ISU volleyball finds team identity, claims first three victories


Sam Greene/Iowa State Daily

Freshman outside hitter and middle blocker Alexis Conaway jumps, ready to crush the ball over the net during a set against Northern Illinois in the Iowa State Challenge on Sept. 6. The Cyclones defeated the Huskies in three straight sets.

Max Dible

The ISU volleyball team, which is 3-2 overall and 0-0 in the Big 12, struggled mightily in its first two matches of the year, losing handily to Stanford and Florida State. Unable to claim even one set on their opening weekend, the Cyclones bounced back in the Iowa State Challenge to win nine straight sets through three matches.

Head coach Christy Johnson-Lynch said that the turnaround was due mostly to continuity on a team that has spent the first two weeks of the season searching for its on-the-court identity.

“We feel more comfortable. We were able to get into a better rhythm this week and [we] got some offense going and some combinations going,” Johnson-Lynch said. “We just feel more in rhythm and in a better groove.”

A big part of finding that rhythm has to do with the acclimation of freshman Alexis Conaway to her position at middle blocker.

“Every game you get more and more confident,” Conaway said. “Coming into the season, we have had girls who never played together, so it just takes time … to gain that trust and confidence.”

Along with her confidence, Conaway’s blocking statistics also skyrocketed throughout the weekend as she accounted for two solo blocks and 10 block assists in the final two matches of the tournament.

“Blocking is a big role of mine on this team, so that is one thing I have been focusing on a lot in practice,” Conaway said. “Tonight was a good showing, working on timing and closing, so [it is] a step in the right direction.”

The Cyclones tallied a total of 19 blocks in their final two matches of the weekend against Tennessee and Northern Illinois, something Johnson-Lynch identified as a key to Iowa State’s success.

Conaway’s increased production as a blocker, combined with the contribution of two solo blocks and five block assists from senior Victoria Hurtt, supplemented what Johnson-Lynch said has been a goal for her team in the past few seasons.

“I think the last two matches have shown our potential as a blocking team. I think we could be an elite blocking team,” Johnson-Lynch said. “I have thought for the last few years that we have had the size to be a great blocking team … so I was excited about that because that is what I have been waiting for.”

Another factor that contributed to Iowa State’s cornerstone of continuity came from the coaching staff, which has found a handle on how to utilize a deep bench optimally and has developed well-defined roles for most of the players on the team five matches into the season.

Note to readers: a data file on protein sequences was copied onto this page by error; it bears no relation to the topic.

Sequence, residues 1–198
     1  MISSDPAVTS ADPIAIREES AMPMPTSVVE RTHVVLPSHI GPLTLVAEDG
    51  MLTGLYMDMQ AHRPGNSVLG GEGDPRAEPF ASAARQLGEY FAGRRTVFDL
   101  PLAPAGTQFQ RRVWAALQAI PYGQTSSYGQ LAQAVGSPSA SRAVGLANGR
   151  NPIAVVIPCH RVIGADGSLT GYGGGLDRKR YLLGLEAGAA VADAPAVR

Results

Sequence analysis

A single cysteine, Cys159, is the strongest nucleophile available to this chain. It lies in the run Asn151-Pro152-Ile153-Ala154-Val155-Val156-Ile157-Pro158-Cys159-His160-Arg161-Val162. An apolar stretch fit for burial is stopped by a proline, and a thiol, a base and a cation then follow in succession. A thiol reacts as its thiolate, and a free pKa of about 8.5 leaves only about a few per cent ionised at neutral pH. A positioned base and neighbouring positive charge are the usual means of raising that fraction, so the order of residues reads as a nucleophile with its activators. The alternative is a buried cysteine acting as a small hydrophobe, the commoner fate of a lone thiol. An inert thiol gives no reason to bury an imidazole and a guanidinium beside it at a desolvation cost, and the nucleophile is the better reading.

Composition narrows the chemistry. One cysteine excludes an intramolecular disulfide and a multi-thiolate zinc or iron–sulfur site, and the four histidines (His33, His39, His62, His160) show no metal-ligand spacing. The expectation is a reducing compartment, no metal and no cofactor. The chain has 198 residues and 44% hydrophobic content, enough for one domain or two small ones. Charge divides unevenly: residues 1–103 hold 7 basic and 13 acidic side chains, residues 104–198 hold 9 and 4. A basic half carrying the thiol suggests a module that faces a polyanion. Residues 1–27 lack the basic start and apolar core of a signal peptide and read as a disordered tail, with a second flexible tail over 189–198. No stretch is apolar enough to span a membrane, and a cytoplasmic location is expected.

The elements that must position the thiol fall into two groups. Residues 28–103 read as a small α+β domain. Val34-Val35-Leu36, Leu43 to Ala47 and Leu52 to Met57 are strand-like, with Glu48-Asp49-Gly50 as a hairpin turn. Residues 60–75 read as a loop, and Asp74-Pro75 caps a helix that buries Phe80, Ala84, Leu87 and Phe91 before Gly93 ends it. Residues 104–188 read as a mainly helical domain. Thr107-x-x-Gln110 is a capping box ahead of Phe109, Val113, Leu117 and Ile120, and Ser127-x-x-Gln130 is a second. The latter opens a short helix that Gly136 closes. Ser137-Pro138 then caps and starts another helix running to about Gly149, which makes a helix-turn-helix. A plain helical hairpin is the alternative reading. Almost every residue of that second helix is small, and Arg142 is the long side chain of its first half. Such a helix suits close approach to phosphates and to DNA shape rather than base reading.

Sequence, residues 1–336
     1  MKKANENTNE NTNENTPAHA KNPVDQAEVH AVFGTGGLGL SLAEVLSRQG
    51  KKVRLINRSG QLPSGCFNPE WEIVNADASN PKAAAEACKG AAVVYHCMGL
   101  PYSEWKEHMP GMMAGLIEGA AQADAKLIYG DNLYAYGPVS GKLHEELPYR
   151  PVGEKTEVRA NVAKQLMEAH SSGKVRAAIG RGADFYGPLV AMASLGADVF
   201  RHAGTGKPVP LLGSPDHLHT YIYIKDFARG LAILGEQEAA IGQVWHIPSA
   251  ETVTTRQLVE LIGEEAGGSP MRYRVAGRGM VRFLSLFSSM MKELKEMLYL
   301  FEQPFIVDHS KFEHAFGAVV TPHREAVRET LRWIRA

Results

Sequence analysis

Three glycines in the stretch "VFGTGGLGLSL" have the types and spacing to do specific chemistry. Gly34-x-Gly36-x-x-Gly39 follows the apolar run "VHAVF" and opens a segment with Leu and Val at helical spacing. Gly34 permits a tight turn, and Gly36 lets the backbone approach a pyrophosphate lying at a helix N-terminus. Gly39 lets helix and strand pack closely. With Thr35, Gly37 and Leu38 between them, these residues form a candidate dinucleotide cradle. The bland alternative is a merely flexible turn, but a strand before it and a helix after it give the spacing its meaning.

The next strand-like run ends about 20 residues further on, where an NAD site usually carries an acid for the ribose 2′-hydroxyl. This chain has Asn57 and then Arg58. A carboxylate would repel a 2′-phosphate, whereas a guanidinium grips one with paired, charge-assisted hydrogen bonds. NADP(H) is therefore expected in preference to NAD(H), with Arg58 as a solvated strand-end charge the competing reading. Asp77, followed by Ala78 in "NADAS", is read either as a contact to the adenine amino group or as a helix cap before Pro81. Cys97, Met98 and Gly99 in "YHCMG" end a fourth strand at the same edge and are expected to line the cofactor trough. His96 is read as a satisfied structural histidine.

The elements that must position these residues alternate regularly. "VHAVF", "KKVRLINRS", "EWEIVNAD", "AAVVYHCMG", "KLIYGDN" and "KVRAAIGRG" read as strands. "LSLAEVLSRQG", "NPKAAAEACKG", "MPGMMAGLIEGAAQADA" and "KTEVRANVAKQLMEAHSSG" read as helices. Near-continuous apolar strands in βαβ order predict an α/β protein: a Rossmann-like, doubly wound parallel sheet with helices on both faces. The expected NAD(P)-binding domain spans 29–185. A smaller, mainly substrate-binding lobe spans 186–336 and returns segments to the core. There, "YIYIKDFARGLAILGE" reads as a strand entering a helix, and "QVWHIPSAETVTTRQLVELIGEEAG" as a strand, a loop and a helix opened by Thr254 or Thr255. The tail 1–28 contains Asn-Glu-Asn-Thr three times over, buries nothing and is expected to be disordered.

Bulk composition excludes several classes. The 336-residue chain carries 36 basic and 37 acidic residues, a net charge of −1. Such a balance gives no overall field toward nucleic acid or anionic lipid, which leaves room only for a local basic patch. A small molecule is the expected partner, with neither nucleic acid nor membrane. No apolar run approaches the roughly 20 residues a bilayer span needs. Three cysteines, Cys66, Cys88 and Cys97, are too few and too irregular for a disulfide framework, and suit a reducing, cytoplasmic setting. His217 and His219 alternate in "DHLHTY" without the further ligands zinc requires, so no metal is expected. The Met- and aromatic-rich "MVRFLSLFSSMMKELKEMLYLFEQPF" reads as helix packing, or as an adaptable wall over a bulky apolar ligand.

“I think we found kind of the right mix, but we are going to continue to work with that,” Johnson-Lynch said. “We have a lot of depth. It is pretty cool that we have a lot of people on the bench who could be starters on just about any other team in the country. We will continue to experiment but … we are getting closer.”

The final piece of continuity came to the Cyclones simply by competing on three consecutive days, the rigors of which helped the team build and grow together through shared adversity and fatigue.

That adversity and fatigue were most evident in the second set against Northern Illinois on Sept. 6, Iowa State’s final match of the weekend.

Northern Illinois jumped to an early lead and kept the set close throughout, although Iowa State ultimately prevailed 25-23 in its closest set of the season.

“It is a very good test,” said junior Mackenzie Bigbee. “Tonight showed pretty well in that second set [that] we really pulled through mentally. Once you get that mentality right, the physical stuff just comes along after it.”

Johnson-Lynch said that the nature of winning and losing can have differing effects and because of that, her gauge is based more on improvement than anything else — something she saw a considerable amount of in the course of the tournament.

“You can play great and lose and still have doubt. You can play bad and win and feel better about it. That is just the way winning and losing is,” Johnson-Lynch said. “I am [really] pleased with the weekend. I thought we got better from [Sept. 4 to 5 to 6]. We played better as the tournament wore on.”